Skip to comments.A-List Stars Flailing at the Box Office (Dinosaur Media DeathWatch™)
Posted on 08/21/2009 3:03:59 AM PDT by abb
The spring and summer box office has murdered megawatt stars like Denzel Washington, Julia Roberts, Eddie Murphy, John Travolta, Russell Crowe, Tom Hanks, Adam Sandler and Will Ferrell.
Can Brad Pitt escape?
A-list movie stars have long been measured by their ability to fill theaters on opening weekend. But never have so many failed to deliver, resulting in some rare soul-searching by motion picture studios about why the old formula isnt working and a great deal of anxiety among stars (and agents) about the potential vaporization of their $20 million paychecks.
The cratering of films with big stars is astounding, said Peter Guber, the former chairman of Sony Pictures who is now a producer and industry elder statesman. These supertalented people are failing to aggregate a large audience, and everybody is looking for answers.
Mr. Guber added, Even Johnny Depp starring in the drama Public Enemies didnt exactly deliver a phenomenal result. (The A-list results may be damped partly because Will Smith, a regular summer powerhouse, had no movie open this season.)
Mr. Ferrell bombed in Land of the Lost, a $100 million comedy that sold only $49 million in tickets in North America. Ms. Roberts missed with Duplicity, a $60 million thriller that attracted $40.6 million. Angels & Demons (Mr. Hanks) was soft. The same for The Taking of Pelham 1 2 3 (Mr. Washington and Mr. Travolta).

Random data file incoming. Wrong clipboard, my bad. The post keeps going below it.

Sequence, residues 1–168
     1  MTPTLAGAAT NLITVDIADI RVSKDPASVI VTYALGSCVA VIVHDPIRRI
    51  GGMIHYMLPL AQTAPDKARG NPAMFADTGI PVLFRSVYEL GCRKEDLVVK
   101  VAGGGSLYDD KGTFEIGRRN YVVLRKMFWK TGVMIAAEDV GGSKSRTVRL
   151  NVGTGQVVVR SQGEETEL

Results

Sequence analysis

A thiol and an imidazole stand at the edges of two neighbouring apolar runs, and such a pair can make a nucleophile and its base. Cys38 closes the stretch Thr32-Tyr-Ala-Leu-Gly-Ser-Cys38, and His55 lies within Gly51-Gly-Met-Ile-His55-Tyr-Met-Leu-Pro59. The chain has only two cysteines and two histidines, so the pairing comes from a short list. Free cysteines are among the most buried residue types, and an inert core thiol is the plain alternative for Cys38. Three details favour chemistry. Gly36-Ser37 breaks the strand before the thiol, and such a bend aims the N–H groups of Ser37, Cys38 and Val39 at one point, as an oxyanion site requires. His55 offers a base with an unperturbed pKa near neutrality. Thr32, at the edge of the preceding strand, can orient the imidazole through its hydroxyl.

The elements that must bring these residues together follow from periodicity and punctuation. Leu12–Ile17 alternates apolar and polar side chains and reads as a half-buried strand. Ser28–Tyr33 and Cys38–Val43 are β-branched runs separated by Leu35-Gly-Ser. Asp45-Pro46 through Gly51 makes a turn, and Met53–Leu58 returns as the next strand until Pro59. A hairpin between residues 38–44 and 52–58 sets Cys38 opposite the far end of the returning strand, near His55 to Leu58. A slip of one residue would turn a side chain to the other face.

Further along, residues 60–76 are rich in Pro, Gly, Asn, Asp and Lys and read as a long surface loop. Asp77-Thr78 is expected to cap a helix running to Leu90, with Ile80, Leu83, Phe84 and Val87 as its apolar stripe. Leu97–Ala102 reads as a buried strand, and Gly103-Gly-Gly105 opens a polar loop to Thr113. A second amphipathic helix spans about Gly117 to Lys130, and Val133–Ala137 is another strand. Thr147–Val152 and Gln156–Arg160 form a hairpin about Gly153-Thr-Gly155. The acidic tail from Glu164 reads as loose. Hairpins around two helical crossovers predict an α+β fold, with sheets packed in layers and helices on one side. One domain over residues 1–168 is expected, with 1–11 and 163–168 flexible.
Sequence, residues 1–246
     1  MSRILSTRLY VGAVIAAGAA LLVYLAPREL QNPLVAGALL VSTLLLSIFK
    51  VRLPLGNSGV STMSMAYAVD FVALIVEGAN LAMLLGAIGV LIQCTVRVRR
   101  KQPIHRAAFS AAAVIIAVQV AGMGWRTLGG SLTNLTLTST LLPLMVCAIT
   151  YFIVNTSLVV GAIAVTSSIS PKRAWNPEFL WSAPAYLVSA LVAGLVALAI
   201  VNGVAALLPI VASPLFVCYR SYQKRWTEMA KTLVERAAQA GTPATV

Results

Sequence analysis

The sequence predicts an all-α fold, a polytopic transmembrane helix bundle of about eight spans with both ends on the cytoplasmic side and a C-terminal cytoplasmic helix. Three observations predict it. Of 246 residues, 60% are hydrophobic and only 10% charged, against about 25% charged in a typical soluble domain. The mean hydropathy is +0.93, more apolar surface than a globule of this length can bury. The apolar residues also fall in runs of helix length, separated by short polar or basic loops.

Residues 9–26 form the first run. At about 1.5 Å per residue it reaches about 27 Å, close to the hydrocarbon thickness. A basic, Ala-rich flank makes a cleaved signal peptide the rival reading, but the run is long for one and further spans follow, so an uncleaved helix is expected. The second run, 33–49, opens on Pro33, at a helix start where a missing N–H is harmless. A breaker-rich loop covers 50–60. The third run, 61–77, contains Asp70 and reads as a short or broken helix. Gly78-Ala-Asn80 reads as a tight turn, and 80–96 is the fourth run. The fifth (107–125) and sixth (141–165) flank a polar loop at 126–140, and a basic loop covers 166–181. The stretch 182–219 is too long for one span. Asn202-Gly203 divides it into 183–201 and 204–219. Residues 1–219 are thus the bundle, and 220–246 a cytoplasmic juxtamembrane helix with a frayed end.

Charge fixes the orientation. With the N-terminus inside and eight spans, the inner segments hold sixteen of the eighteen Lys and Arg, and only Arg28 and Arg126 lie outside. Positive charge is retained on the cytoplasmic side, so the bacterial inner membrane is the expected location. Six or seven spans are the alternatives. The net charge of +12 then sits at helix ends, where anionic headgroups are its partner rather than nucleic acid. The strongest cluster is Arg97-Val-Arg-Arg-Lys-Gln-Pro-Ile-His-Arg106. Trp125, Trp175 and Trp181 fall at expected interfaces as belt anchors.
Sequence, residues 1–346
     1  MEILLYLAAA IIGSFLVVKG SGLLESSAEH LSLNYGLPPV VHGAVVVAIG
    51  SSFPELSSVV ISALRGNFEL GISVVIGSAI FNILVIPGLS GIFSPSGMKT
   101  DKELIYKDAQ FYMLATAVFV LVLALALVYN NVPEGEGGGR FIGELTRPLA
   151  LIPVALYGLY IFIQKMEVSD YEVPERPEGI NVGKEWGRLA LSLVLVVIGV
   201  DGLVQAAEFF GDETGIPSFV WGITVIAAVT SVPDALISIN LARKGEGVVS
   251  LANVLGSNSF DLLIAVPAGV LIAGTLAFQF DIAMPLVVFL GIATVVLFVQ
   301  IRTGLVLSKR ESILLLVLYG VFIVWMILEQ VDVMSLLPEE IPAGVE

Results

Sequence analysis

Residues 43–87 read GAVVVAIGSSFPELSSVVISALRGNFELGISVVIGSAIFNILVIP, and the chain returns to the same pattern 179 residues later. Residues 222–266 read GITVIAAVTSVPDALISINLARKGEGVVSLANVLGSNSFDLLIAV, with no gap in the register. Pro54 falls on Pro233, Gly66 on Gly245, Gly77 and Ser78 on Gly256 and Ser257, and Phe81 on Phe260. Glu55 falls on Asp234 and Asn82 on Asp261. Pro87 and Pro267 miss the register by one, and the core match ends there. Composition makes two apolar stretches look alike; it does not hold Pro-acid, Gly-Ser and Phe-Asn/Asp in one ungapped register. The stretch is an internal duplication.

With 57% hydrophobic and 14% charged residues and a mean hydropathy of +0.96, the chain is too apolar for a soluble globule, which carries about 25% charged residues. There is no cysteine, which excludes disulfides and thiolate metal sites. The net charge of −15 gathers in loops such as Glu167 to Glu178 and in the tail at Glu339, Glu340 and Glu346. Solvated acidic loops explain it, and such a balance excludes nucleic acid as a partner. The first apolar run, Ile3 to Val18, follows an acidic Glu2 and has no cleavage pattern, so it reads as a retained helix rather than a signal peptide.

Imagine That, starring Mr. Murphy, was such a disaster that Paramount Pictures had to take a write-down. Mr. Sandler? His Funny People limped out of the gate and then collapsed. Some of these may simply have not been very good, but an A-list star is supposed to overcome that.
The gradual trend away from big-star vehicles in the summer has been under way for years.
(Excerpt) Read more at nytimes.com ...
Make a decent movie and I’ll go see it.
Maybe if the "big stars" would keep their political ignorance to themselves instead of thinking that their opinions matter more than the rest of ours, they wouldn'be be having this problem.
More people have figured out that sober, working people need to stop funding the Left. They have contempt for us. The least we can do is not finance them.
Ping. Must read.
Julie and Julia is a good one.
It’s not just making a decent movie anymore.
I do not care how good a movie is, I will not give a penny to see a movie with say Barbra Streisand or Ms. Garafalo or folks of their liberal ilk.
People are not a impressed with ‘the stars’ as they used to be. Let’s face it, there are no more Bob Hope’s, Jimmy Stewart’s, Cary Grants, Katherine Hepberns, etc.
And all the latest slate of movies are rated ‘R’. I have no desire to see them.
Like another poster said up thread - “Make a decent movie, and I’ll go see it.”
The last time I went to see a movie in a theater was when I paid to see Rocky (Rocky 1).
Some? Some? LOL.